• by coryking (104614) * on Monday December 08, 2008 @09:56PM (#26042837) Homepage Journal

    If your database is crashed and is no longer capable of accepting data, how is that different from losing data?

    I mean this is mysql here, not a real relational database. Kind of like sloppy cowboy VB coders of yore, MySQL has the same kind of attitude. "If it works, who cares if it is right".

    I mean, sure people site "Well, Slashdot, FaceBook, and BIGCO use it, so MySQL is okay". But have those people ever realized how easy it is to lock yourself into MySQL? MySQL is so full of non-standard behavior and gotchas that it can be very painful and difficult to migrate to a real database. So what to companies do? Layer on a huge pile of Memcached and crazy "archive databases" to scale when if they had started with a more standard, scalable database system maybe they could have allocated their developer time to something more productive.

    Anyway, I rant. I just think MySQL is only used by large companies because either they don't understand how much extra developer hours are spent working around MySQLisms or they know MySQL sucks, but know that it is to costly to migrate to something better.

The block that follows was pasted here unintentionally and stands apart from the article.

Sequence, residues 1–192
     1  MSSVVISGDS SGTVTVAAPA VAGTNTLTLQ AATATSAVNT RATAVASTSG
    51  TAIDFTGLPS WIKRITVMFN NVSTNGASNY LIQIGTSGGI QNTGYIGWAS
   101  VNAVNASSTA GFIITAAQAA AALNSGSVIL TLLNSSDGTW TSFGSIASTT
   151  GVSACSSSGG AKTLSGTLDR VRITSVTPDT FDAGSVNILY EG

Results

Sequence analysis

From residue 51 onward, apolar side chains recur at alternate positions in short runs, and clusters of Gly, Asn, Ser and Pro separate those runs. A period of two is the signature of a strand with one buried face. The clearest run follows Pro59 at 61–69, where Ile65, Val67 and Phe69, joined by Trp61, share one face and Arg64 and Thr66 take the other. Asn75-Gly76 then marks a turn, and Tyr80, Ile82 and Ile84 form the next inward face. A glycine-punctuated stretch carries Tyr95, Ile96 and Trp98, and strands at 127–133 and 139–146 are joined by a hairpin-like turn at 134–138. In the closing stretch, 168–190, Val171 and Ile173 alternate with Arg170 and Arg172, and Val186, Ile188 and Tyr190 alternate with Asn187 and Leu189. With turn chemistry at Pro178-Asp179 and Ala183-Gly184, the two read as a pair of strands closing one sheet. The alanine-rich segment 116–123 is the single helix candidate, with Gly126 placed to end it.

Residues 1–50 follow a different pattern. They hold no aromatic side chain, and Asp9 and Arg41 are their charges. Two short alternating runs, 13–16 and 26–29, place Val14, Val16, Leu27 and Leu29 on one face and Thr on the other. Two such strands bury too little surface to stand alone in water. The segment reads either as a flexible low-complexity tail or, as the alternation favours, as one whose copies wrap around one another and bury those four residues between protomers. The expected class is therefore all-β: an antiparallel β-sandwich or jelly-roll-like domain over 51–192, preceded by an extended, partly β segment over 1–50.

But that has nothing to do with your post or my original post does it? I'll conclude with the main problem--Like VB, MySQL grew a whole crop of developers who dont know any better. While I dont know if you can blame that on the database or a programming language, I chuckle when I see MySQLisms in code (like never using a "JOIN" because it mysql is "faster if you give it small SELECT statements).

    /Rant Off

  • Nice (Score:4, Insightful)

    by coryking (104614) * on Monday December 08, 2008 @09:58PM (#26042849) Homepage Journal

    But what happens if you want to do full text search? Besides, your nice ACID InnoDB kinda backfires when half the tables are using MyISAM, doesn't it? And good thing MySQL lets you know when your nice happy transaction will not roll back properly because half the tables are MyISAM, right?

    As I said, what fun is a database server that is consistent or predictable?

  • by /dev/trash (182850) on Monday December 08, 2008 @10:26PM (#26043035) Homepage Journal

    Except that mySQL is open Source, how can they kill the copy that I have on my hard drive and can re-distribute?

  • by multipartmixed (163409) on Monday December 08, 2008 @10:44PM (#26043139) Homepage